It’s been an exciting week for Charlotte entrepreneur Vinroy Reid. He received the CIC International Entrepreneur Award and shared news that Mama’s Caribbean Grill, the Central Avenue staple popular for its Jamaican cuisine, reopens after a two-month hiatus due to renovations.
A small crowd of friends and family gathered inside the restaurant Wednesday as Mayor Vi Lyles and members of the Charlotte International Cabinet (CIC) virtually presented Reid with the award during the annual Mayor’s International Community Awards (MICA).
Reid, a native of Jamaica, opened Mama’s Caribbean Grill in 2000 at 1504 Central Avenue as a way to connect his Caribbean food and culture to the Charlotte community.
“My vision for this location in Charlotte was to make certain that a piece of where I am from and who I am, was able to reach the community,” said Reid, who moved to the city in 1994. “I come from a place in Jamaica where we get to know who’s in our community. I know that I had to create a space that I could carry on this tradition to share the culture, food and heritage.”
Black Business Matters
Nominees are people who become U.S. citizens and start a business that makes a lasting contribution to the Charlotte community.
Mama’s Caribbean Grill was part of the early wave of restaurants that helped shape the international flavor of the Central Avenue corridor.
According to Charlotte historian Tom Hanchett, Reid and his restaurant helped give fresh vitality to a street that had a lot of empty storefronts in the late 1990s.
“Today we think of Central Avenue as a corridor rich in international restaurants, markets and bakeries. That was just barely beginning 20 years ago,” Hanchett said. “In 1998, Sladjana and Vlado Novakovic opened Nova Bakery and Pape Ndiaye launched House of Africa about the same time. You could find a Vietnamese restaurant and the Islamic Center of Charlotte, but that was about it as the 2000s started.”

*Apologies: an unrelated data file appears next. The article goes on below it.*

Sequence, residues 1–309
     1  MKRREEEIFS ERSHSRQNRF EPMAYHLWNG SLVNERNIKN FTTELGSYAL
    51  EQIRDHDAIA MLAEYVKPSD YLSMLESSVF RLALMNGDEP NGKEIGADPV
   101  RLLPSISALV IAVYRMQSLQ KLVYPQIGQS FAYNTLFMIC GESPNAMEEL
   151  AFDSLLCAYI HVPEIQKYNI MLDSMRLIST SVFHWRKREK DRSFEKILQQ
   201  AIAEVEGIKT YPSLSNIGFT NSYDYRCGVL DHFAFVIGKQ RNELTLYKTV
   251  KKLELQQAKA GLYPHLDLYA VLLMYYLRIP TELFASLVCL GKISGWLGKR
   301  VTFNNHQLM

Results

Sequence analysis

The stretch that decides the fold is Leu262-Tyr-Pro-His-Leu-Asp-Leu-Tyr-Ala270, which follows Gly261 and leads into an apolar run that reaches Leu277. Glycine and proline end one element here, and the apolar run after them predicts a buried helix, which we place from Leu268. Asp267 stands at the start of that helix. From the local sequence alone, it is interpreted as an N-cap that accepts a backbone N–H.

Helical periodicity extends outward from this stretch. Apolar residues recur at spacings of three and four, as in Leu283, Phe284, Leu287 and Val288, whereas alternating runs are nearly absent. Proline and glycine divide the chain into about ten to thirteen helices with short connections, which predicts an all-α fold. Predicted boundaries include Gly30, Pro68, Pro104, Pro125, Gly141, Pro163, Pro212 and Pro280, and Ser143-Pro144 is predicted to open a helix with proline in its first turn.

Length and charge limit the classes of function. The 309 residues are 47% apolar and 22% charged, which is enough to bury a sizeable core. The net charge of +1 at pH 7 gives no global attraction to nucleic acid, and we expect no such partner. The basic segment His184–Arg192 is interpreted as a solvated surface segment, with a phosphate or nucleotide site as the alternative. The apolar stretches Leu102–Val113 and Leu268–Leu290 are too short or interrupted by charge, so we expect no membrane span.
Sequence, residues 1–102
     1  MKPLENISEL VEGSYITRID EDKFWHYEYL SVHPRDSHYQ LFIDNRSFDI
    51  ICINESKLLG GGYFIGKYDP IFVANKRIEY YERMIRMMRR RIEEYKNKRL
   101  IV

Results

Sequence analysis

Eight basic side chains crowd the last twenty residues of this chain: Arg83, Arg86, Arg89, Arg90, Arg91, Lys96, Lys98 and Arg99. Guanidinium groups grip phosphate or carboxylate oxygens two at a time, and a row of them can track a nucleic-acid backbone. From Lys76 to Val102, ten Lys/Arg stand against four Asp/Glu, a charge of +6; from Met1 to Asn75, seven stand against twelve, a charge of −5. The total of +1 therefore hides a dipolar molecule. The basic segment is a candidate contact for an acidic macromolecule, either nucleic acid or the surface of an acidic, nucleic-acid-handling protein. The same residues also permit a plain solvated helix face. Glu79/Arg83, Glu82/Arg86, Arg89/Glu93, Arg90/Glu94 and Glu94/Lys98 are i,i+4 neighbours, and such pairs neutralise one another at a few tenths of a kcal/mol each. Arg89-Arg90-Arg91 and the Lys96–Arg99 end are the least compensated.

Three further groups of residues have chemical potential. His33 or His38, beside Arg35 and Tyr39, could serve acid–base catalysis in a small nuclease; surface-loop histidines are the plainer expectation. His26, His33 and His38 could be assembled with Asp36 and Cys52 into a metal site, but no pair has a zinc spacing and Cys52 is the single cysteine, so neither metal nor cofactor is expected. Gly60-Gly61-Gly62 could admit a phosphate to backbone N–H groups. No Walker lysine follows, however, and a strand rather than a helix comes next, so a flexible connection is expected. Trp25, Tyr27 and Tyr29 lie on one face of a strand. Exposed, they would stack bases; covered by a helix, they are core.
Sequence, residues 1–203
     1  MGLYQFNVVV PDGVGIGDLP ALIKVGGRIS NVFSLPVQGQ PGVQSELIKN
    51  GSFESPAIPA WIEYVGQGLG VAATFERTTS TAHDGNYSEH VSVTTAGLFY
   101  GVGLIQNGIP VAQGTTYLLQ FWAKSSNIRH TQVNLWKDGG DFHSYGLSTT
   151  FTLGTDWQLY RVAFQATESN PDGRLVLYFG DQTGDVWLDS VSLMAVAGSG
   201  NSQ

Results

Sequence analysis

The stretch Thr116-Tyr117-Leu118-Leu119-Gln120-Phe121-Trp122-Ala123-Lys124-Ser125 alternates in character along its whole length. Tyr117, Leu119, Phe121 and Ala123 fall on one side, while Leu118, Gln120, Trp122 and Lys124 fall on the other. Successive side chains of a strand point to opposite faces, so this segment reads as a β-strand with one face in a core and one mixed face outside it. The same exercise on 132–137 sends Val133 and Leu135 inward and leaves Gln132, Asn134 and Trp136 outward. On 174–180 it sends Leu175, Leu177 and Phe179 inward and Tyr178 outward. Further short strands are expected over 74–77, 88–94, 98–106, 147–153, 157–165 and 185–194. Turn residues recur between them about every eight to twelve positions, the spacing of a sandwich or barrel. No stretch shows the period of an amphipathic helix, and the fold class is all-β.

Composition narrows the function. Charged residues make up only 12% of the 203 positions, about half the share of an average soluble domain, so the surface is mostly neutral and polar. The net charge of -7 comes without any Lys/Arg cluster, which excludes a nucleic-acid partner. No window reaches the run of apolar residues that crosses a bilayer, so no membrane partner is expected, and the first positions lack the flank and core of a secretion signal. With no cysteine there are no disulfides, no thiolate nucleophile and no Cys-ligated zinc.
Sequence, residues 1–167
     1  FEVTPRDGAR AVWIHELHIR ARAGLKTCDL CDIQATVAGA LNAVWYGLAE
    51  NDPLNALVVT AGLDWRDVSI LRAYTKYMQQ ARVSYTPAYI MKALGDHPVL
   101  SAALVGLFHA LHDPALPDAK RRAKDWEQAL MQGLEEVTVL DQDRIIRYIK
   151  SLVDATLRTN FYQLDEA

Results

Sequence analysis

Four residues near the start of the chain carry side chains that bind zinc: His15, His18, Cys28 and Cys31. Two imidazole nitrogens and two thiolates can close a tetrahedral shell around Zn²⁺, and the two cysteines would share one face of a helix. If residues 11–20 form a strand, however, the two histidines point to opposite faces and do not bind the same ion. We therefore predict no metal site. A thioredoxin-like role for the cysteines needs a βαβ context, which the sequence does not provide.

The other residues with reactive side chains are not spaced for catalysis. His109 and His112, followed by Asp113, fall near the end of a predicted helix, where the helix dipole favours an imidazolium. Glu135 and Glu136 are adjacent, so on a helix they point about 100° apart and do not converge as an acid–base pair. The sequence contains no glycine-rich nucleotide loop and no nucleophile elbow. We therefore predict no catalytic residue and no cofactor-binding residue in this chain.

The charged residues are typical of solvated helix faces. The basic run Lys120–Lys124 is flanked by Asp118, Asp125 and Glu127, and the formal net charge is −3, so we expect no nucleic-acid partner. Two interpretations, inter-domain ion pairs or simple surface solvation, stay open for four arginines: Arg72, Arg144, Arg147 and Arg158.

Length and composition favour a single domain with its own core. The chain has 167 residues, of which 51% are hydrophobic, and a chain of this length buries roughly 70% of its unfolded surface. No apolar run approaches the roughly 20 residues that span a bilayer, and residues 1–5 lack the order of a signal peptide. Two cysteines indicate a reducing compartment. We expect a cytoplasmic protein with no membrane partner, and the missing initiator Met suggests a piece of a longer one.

Reid used his trade in construction to launch another company, VR King Construction, and kept the Caribbean community at the forefront through “Caribbean Connection,” a weekly radio show that highlighted Caribbean music, community and culture. His nonprofit, Youth Hope International, mentors teens and exposes them to vocational skills.
“This is all about building community but also to highlight that it takes one person with one vision, but it takes all of us to make it happen,” he said.
Reid’s community involvement led to a two-time run for a seat on Charlotte City Council representing District 5 — in 2017 and 2019 — but he lost both times in the primaries.
Those missing the tastes of Mama’s Caribbean Grill’s jerk chicken, curry goat and oxtail can savor the flavors again when the restaurant reopens on May 17.